NB The article is originally produced in Danish
It is not difficult to send an NPS measurement in an email to a customer. But one thing is to collect answers, quite another is to optimize the way you measure so that the Net Promoter Score creates value for both company, customer and employee.
Avoid fruit salad in your measurements
NPS works best when not mixed unnecessarily with long questionnaires. Ask one question with the option of a comment. By leaving the measurement alone, you strengthen your response rate, and you can better adapt the channel you measure through to the individual customer. At the same time, it will be easier to follow up on the answers and create a “closed loop” process between contact point, answer and follow-up.
Pro tip: The strength of each question is that it is answered in real time. Rather than asking a series of questions long time after the point of contact, ask the customer when the experience is completely fresh in the memory.
Relation or transaction
The relationship (rNPS) is the customer’s overall view of the company. The transaction (tNPS) is the relationship to the product or service in the individual contact point. If you want to measure rNPS, the question should not be asked in direct connection with a specific contact point, as the experience in the given contact point will affect the measurement. Conversely, do not ask for a specific experience or service long after the event.
However, you can easily use NPS to measure both by simply angling the question to suit the purpose. For example, you can replace a CSAT and “Customer Effort Score” question with a transaction NPS to measure tNPS:
“How likely are you to recommend our company to a friend or colleague?”
“To what extent does the newsletter provide relevant content for you?”
Pro tip: Divide your customers and ask them questions more than once a year instead of measuring the relationship for all customers once a year. The division makes it easier to handle the quantity, and the continuous measurement means that the situation around the time does not muddy the measurement.
Systematics in the measurements
It is absolutely essential for an operational program that there is systematics in your measurements. Decide where it is most important to invest first, and create a structure that partly ensures you an overview, and which is also realistic. Next, all measurements must have an owner who is responsible for the individual contact point. In this way, you anchor the measurement in the organization.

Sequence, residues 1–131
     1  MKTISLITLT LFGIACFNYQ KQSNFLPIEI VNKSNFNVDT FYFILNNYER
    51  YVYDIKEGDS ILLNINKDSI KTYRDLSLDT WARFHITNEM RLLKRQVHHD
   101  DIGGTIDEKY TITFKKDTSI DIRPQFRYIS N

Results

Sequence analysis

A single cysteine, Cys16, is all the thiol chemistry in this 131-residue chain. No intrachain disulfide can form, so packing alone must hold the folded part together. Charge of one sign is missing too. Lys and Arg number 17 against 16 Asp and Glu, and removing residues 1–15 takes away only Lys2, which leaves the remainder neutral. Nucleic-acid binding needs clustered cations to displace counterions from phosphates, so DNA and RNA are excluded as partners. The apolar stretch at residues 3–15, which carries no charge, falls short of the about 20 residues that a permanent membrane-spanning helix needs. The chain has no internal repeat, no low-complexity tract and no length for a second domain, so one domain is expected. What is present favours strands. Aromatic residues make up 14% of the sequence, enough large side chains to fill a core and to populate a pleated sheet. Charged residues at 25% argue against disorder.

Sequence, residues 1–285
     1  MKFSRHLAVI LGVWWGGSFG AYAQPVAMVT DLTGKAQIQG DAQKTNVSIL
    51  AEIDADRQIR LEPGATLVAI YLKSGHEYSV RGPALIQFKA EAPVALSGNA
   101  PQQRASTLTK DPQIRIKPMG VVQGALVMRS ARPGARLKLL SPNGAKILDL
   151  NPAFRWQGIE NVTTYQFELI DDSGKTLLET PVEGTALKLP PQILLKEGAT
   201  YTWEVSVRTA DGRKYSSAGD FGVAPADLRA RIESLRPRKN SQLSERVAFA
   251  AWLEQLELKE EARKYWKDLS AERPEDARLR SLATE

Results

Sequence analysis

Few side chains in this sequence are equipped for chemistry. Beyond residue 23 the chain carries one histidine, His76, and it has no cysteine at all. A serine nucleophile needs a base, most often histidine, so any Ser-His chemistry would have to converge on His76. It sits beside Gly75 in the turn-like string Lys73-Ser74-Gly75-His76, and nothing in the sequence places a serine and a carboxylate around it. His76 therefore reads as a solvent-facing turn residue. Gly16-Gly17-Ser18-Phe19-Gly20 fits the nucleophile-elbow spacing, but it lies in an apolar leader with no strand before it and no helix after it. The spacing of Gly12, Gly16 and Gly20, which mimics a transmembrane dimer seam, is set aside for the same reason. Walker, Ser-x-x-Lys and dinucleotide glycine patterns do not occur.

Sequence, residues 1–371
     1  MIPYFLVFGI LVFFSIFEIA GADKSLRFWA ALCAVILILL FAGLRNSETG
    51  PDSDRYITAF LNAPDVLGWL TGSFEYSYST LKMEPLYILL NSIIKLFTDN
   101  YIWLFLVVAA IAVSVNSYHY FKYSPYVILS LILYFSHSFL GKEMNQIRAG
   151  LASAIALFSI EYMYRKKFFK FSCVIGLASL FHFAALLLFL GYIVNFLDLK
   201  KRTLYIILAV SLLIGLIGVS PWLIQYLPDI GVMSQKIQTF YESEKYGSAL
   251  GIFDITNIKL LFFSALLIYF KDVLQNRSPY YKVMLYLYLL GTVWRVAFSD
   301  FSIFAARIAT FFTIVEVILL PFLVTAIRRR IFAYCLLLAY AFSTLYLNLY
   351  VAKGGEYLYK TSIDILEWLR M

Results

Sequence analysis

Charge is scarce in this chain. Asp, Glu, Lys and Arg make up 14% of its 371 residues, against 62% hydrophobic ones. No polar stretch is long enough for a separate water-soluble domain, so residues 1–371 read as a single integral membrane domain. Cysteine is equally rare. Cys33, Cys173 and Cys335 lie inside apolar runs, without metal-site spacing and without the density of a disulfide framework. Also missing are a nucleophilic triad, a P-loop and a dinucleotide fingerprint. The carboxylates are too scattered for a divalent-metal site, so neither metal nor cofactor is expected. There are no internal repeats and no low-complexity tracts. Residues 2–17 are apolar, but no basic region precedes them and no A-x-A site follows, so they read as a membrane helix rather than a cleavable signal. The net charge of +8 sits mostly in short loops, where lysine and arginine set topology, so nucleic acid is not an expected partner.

Choose the right channel for the purpose
The choice of channel for the measurement should be made on the customer’s terms. It must be the channel that is most relevant in relation to the transaction and that makes it as easy as possible for the recipient to submit his answer. If, for example, the marketing department wants input for the company’s newsletter, it is obvious to merge the question into that channel. If customer service has had an e-mail correspondence, you should incorporate the question via e-mail. Conversely, it makes better sense to send an SMS if the customer has called in.
Pro tip: It increases the response rate significantly if you consider the customer’s premises in your choice of channels.
Follow up on your customers' answers
Most have tried to give feedback to a company and then be greeted with noisy silence. This makes the customer less likely to respond next time. By following up on customers’ comments, you show that you take them seriously.
At nps.today, we see the highest response rates among the customers who follow up on their customers’ feedback. It creates dialogue between customer and company, which the company can use to strengthen the customer relationship, create better products or better experiences.
Pro tip: Create systematics in how you follow up on customer responses. By combining NPS with, for example, revenue, you can create a safety net under your company so that the most important customers do not disappear due to lack of follow-up.
Report NPS to employees
When starting up NPS, it is important to notify everyone in the company. Employees must understand that it is a concrete tool for improvements in their daily lives. In addition, the use of NPS must create an increased customer focus across the organization, and therefore all employees must be made aware of what NPS is all about.
Pro tip: If you use Slack or Teams in the organization, these systems are ideal for making NPS visible to employees, as they still have their daily walk here. Alternatively, you can create virtual dashboards, which can be displayed on screens in the individual departments.